The Producers: The only musical comedy to leave me gasping for breath from laughing so hard. Mel Brooks' 1968 movie, which simultaneously spoofed the Broadway biz and the Third Reich, was funny on its own and won an Oscar for its screenplay. It can't hold a candle to the stage version, though, thanks to Susan Stroman's clever direction and choreography and the hysterical original cast headlined by Nathan Lane and Matthew Broderick, who also star in the fine 2005 film of the musical.
A Man of No Importance: Probably the least seen of any of my picks, greatest or least, this is an intimate gem based on an equally little-seen 1994 film. The movie stars Albert Finney as a repressed Irish bus driver in love with his young, male assistant as well as the works of Oscar Wilde. The musical's lovely score is by the Tony-winning pair Stephen Flaherty and Lynn Ahrens (Once on This Island, Ragtime), and playwright Terrence McNally authored the sweet, sensitive book. If you can't find a production of it, stage one!
Reefer Madness: A delightfully campy take on one of the worst movies ever made, a 1930's propaganda piece about the evils of marijuana. The stage version is great, and not just because Jesus has a supporting role! Even better is the made-for-Showtime 2006 movie adaptationstarring gay faves Christian Campbell, Alan Cumming and the hilarious Ana Gasteyer.
I'm grateful I could only come up with five, and none of them is awful. Not having seen the reviled-at-the-time Carrie (not yet, anyway; Neil tells me he's found most of it online), these are the most unsuccessful musicals based on a movie that I could recall seeing:
Sunset Boulevard: Lloyd Webber's score is very good, but it's hard to draw an audience to a story with no likeable characters. I saw Petula Clark play Norma Desmond on tour. Her voice and performance were good, but physically she was hardly the larger-than-life character Norma needs to be. Glenn Close, Patti LuPone and Betty Buckley were all better received in the role.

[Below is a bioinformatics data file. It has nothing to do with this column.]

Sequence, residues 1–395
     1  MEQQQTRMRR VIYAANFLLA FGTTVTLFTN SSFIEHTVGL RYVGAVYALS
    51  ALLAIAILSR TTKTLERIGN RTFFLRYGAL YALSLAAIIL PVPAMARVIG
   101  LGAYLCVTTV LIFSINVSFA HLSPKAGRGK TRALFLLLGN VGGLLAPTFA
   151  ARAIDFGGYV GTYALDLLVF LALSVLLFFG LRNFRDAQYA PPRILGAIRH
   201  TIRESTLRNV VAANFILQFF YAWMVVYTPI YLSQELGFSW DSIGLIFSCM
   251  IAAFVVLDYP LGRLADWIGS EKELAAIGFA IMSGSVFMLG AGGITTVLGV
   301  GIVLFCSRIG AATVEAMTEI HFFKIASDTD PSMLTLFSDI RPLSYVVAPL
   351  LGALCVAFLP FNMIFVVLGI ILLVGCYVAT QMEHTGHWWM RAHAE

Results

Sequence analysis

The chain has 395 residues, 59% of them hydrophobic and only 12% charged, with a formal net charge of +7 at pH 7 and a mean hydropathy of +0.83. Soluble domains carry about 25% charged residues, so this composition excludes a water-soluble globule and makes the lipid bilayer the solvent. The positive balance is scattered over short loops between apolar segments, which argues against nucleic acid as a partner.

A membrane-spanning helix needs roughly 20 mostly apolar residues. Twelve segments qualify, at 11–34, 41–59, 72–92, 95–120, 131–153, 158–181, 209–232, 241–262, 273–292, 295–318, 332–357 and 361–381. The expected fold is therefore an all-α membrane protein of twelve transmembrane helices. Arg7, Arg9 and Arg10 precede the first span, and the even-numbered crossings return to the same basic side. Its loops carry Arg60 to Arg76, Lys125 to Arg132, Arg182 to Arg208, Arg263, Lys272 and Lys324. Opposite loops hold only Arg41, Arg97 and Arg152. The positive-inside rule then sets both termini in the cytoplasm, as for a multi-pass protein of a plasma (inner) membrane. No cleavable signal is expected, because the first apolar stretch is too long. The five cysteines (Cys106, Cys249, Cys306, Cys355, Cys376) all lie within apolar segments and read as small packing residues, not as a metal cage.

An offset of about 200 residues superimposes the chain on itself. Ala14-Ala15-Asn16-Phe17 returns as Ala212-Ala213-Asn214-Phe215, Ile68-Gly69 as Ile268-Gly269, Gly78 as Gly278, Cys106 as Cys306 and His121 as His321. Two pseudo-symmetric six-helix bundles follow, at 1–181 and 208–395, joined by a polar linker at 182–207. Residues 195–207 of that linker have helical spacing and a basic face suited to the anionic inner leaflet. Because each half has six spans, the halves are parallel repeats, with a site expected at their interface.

Footloose: The first real bubble-gum movie to become a bubble-gum stage production. I remember Walter Bobbie's staging and the energetic choreography to be quite good ... but that's all I remember apart from the songs previously made famous by the more enjoyable movie.
Monty Python's Spamalot: Again, not so much bad as overrated. I just recently saw this tuner inspired by the absurdist cult favorite Monty Python and the Holy Grail for the first time during its Los Angeles premiere and, while I enjoyed much of it, I still can't believe it won the 2005 Tony for Best Musical over the superior, haunting The Light in the Piazza.
Victor/Victoria: The splendid 1982 film arrived on Broadway nearly 15 years later. By that point, Julie Andrews was more than a little long-in-the-tooth and no longer in the best vocal condition to resurrect her Oscar-nominated performance. Leslie Bricusse padded his score for the film with one very good song — "Louis Says" — and one not very good song, "Paris Makes Me Horny." The latter was performed on Broadway by Rachel York, who will soon be starring as the immortal Cruella DeVille in a stage musical version of 101 Dalmatians (!).
Grand Hotel: Often referred to by pundits as "Grim Hotel," this musical adaptation of the star-studded 1932 Best Picture Oscar winner features depressing characters and a thoroughly forgettable score. A touching, Tony-winning performance by the late Michael Jeter as a terminally ill man was the Broadway production's one bright spot.
Tune in tomorrow for Neil's best and worst from screen to stage, and feel free to weigh in with your reactions and/or your personal picks in the comments section below!
Article by Rev. Chris Carpenter, resident film critic of Movie Dearest and the Orange County and Long Beach Blade.